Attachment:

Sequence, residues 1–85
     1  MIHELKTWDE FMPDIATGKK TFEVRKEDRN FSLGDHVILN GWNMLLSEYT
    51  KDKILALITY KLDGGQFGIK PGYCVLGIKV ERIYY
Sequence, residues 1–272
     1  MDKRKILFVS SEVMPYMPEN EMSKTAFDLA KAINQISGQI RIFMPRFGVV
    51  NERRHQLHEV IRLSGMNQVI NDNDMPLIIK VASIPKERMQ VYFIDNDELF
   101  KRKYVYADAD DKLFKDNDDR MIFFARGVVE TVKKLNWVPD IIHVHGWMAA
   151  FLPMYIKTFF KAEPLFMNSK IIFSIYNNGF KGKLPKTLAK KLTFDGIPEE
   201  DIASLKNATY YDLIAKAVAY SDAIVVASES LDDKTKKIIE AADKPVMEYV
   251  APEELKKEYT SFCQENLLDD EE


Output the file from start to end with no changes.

Sequence, residues 1–85
     1  MIHELKTWDE FMPDIATGKK TFEVRKEDRN FSLGDHVILN GWNMLLSEYT
    51  KDKILALITY KLDGGQFGIK PGYCVLGIKV ERIYY
Sequence, residues 1–272
     1  MDKRKILFVS SEVMPYMPEN EMSKTAFDLA KAINQISGQI RIFMPRFGVV
    51  NERRHQLHEV IRLSGMNQVI NDNDMPLIIK VASIPKERMQ VYFIDNDELF
   101  KRKYVYADAD DKLFKDNDDR MIFFARGVVE TVKKLNWVPD IIHVHGWMAA
   151  FLPMYIKTFF KAEPLFMNSK IIFSIYNNGF KGKLPKTLAK KLTFDGIPEE
   201  DIASLKNATY YDLIAKAVAY SDAIVVASES LDDKTKKIIE AADKPVMEYV
   251  APEELKKEYT SFCQENLLDD EE